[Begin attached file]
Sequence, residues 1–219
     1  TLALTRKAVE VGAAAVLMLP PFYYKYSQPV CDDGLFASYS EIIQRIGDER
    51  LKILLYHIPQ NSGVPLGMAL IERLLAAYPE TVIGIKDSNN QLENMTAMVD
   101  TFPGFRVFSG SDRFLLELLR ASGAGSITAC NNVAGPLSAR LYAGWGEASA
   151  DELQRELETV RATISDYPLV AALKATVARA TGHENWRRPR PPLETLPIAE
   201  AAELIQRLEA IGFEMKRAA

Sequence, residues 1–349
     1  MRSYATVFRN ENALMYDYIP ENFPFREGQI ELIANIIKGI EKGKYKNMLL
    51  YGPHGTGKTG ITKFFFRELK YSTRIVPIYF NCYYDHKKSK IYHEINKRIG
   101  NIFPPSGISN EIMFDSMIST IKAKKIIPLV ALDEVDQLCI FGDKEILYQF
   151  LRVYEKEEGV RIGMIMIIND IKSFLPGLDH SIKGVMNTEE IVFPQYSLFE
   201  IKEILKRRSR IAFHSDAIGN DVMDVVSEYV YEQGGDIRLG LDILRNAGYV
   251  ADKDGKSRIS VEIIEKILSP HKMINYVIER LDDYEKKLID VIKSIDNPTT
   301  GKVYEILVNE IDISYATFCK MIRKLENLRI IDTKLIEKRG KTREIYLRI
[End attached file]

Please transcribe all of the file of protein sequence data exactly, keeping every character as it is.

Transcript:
Sequence, residues 1–219
     1  TLALTRKAVE VGAAAVLMLP PFYYKYSQPV CDDGLFASYS EIIQRIGDER
    51  LKILLYHIPQ NSGVPLGMAL IERLLAAYPE TVIGIKDSNN QLENMTAMVD
   101  TFPGFRVFSG SDRFLLELLR ASGAGSITAC NNVAGPLSAR LYAGWGEASA
   151  DELQRELETV RATISDYPLV AALKATVARA TGHENWRRPR PPLETLPIAE
   201  AAELIQRLEA IGFEMKRAA

Sequence, residues 1–349
     1  MRSYATVFRN ENALMYDYIP ENFPFREGQI ELIANIIKGI EKGKYKNMLL
    51  YGPHGTGKTG ITKFFFRELK YSTRIVPIYF NCYYDHKKSK IYHEINKRIG
   101  NIFPPSGISN EIMFDSMIST IKAKKIIPLV ALDEVDQLCI FGDKEILYQF
   151  LRVYEKEEGV RIGMIMIIND IKSFLPGLDH SIKGVMNTEE IVFPQYSLFE
   201  IKEILKRRSR IAFHSDAIGN DVMDVVSEYV YEQGGDIRLG LDILRNAGYV
   251  ADKDGKSRIS VEIIEKILSP HKMINYVIER LDDYEKKLID VIKSIDNPTT
   301  GKVYEILVNE IDISYATFCK MIRKLENLRI IDTKLIEKRG KTREIYLRI